WhatsApp have spent the last month putting out self-inflicted fires. After a disastrous announcement of changes to their terms of service, the company have been scrambling to convince users to stick with the app. However, even with delayed implementation of the new terms of services, and hundreds of reassurances, their PR nightmare has prompted many organisations to take a closer look at their use of the messaging app.

The Story of WhatsApp

WhatsApp have marketed themselves as a safe and secure messaging app from the start in 2009, emphasising their end-to-end encryption, the minimal amounts of data they collect, and the fact that they don’t share that data with anyone. However, Facebook acquired WhatsApp in 2014, much to the chagrin of privacy activists. Many feared it was the start of a slippery slope, leading to abuse of user data. To allay fears, executives reassured users that WhatsApp would operate separately, and data would not be shared with Facebook.

Fast-forward now to the beginning of this year. Upon opening the app, users found a notification that WhatsApp’s privacy policy and terms of service were changing. It seemed they were going against their promises and intended to share user information with Facebook. For users in the EU and the UK, there was additional confusion. It wasn’t clear what changes would be applicable to those under the GDPR.  There was chaos, there was confusion, and there was a lot of hopping to new messaging platforms.

Ultimately, WhatsApp cut their losses and delayed implementation to May, in order to re-evaluate their plans. Even so, it’s left a sour taste in everyone’s mouth, and that might not be a bad thing. It’s hard to deny the ease of using WhatsApp, but is it really appropriate for professional use?


Messaging Apps and Privacy Problems

Are you part of an employee WhatsApp group? Many people would answer that question with a yes. In a study from 2019, it was found that 53% of global frontline workers check messaging apps up to six times daily, for work related issues. Over half of respondents were using personal messaging apps like WhatsApp for professional correspondence. There are plenty of issues with this, as you can see below:


  1. The first issue is that business use actually goes against the WhatsApp terms of service. The terms of service prohibit any “non-personal use of our Services unless otherwise authorized by us.” Violating these terms could lead to suspension or deletion of your account, but there are additional data protection issues with the app. When you create a WhatsApp account, you add your list of contacts to the app, meaning you upload the data of other individuals without their consent. When using WhatsApp personally, this is less of a problem, but if you use WhatsApp for business purposes, any processing of personal data falls under the GDPR.


  1. Individuals can also be added to a WhatsApp group without giving consent. Once added, anyone else in the group can see their contact information, any information held within their bio, and when they were last active. Unless you have provided every member of staff with a work mobile, employees will be using their personal numbers to create WhatsApp accounts. Create an “All Staff WhatsApp Group” and you’ve just handed out the personal contact numbers for all your employees. While you may think you know your staff well, you can’t be sure there aren’t underlying tensions or conflicts, that could escalate should one of your members of staff be able to contact another outside of work hours. Ultimately, it’s not why you originally collected that data, and it’s not how it should be used.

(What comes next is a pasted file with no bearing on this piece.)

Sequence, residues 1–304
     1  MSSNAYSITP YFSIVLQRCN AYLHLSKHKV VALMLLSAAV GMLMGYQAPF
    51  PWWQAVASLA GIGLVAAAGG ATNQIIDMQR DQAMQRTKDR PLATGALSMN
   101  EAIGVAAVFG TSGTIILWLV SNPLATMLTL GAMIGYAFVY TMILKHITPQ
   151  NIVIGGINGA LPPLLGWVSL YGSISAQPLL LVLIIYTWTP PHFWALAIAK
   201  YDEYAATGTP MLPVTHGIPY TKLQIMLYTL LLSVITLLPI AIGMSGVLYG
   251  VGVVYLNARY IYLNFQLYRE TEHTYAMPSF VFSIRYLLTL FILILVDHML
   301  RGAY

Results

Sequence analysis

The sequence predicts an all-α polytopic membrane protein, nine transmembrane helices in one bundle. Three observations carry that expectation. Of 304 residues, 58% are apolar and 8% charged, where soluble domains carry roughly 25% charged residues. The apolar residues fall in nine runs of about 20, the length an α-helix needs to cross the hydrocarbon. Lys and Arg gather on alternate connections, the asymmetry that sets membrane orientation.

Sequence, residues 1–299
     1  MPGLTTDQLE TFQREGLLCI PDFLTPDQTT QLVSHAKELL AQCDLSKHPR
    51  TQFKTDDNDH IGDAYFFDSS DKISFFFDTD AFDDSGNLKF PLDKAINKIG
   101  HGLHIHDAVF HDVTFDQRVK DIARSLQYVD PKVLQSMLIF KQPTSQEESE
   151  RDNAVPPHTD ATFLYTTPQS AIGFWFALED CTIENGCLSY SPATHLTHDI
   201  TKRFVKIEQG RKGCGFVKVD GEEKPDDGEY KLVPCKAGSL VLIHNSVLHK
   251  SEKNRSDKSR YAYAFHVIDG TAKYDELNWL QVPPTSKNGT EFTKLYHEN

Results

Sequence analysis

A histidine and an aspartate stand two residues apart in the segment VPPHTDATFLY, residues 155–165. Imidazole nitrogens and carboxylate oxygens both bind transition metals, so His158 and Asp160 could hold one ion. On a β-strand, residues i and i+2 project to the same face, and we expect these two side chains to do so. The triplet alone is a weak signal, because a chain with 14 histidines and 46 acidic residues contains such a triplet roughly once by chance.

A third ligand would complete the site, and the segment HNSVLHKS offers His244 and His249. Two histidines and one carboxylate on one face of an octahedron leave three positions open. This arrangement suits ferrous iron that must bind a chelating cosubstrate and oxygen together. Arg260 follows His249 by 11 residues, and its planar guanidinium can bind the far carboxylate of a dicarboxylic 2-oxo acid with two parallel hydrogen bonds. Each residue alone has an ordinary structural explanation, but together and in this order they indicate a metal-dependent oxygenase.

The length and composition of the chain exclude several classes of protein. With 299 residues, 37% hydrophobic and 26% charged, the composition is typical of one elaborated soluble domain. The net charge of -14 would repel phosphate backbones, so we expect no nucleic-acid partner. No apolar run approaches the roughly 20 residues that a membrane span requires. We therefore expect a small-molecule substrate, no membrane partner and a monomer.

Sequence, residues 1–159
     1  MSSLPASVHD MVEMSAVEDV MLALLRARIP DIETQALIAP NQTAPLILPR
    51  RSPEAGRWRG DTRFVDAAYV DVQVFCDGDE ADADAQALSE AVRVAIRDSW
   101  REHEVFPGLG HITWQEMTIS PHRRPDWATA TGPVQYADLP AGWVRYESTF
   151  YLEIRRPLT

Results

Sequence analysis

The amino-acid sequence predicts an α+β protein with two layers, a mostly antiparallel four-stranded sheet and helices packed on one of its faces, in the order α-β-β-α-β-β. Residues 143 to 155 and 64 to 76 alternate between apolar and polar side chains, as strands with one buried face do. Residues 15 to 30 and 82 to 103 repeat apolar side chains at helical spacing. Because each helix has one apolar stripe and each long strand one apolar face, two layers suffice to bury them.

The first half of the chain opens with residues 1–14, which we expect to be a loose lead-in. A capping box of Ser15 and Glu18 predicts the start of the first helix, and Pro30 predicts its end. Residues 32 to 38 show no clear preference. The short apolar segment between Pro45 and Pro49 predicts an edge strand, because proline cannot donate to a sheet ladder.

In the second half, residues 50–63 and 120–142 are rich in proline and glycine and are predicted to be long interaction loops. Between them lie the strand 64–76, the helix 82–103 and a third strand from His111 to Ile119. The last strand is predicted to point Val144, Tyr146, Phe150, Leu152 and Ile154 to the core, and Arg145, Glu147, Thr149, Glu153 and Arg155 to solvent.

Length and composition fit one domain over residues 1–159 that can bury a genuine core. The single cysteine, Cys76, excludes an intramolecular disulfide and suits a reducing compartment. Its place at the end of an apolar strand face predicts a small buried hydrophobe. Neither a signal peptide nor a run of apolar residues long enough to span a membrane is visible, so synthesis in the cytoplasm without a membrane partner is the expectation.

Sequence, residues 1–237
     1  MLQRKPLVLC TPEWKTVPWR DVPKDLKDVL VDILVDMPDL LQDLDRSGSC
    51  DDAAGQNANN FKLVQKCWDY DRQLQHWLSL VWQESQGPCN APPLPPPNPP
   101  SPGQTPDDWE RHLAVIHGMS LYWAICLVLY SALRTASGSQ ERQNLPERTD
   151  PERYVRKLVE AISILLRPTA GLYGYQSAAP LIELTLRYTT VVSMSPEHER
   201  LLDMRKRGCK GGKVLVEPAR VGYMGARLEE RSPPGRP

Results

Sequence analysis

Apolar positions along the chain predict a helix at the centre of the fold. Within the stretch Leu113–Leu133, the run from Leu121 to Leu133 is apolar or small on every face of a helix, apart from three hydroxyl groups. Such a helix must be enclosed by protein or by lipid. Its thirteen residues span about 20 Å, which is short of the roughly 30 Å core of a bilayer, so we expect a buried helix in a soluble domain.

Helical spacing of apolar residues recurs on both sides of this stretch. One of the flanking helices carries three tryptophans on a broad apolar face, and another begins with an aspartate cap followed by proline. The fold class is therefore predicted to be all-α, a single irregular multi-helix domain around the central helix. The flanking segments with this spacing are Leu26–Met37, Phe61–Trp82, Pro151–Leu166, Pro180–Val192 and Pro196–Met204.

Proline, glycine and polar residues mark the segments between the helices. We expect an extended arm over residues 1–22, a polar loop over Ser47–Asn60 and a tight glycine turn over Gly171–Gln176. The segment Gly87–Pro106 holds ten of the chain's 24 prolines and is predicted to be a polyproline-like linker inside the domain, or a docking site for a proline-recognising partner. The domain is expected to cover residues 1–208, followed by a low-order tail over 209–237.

1. It’s not a sensible place to discuss school or college related matters. It’s not unusual to hear someone groaning because their phone has deleted all their chat history. Nor is it unusual to hear someone left their phone in a taxi at the weekend. Should something happen to your phone or your WhatsApp account, you could be dealing with a breach of accessibility. Conversely, when you work with personal data, you need to  to delete it after the appropriate time; a rather complicated venture when it’s sitting on hundreds of mobile devices.


  1. Finally, discussing work on a personal device always increases the risk of a breach of confidentiality. In the 2019 study, 30% of respondents found that the 24/7 nature of messaging apps made it hard to maintain a work/personal life balance. Answering work queries late at night, or in the middle of personal time, can lead to sending information to the incorrect group. Indeed, 12% of respondents said they worried about a serious data breach via a messaging app.


Using Messaging Apps for Work

These are just a few of the complications that can arise from using messaging apps like WhatsApp. They are easy to use, but not designed for business communication. Is it time to retire the faithful green speech bubble? For business communication, it’s certainly worth considering. Finding an alternative can be difficult, but there are business messaging apps out there.

A woman lying in bed on her side in a dark room, illuminated by the screen of her phone. She is yawning and covering her mouth with her left hand, whilst her right holds her phone.

The 24-hour nature of messenger apps can make it hard to keep business to appropriate hours.

However, it’s best to take a moment and assess whether a new messaging app would be the best step forward. They’re hard to regulate and it’s difficult to ensure people only see information they need to see. With staff in many schools and colleges taking on multiple roles, messaging groups can get quite messy. Add on that many of these groups operate under the noses of HR, and you get a breeding ground for breaches.

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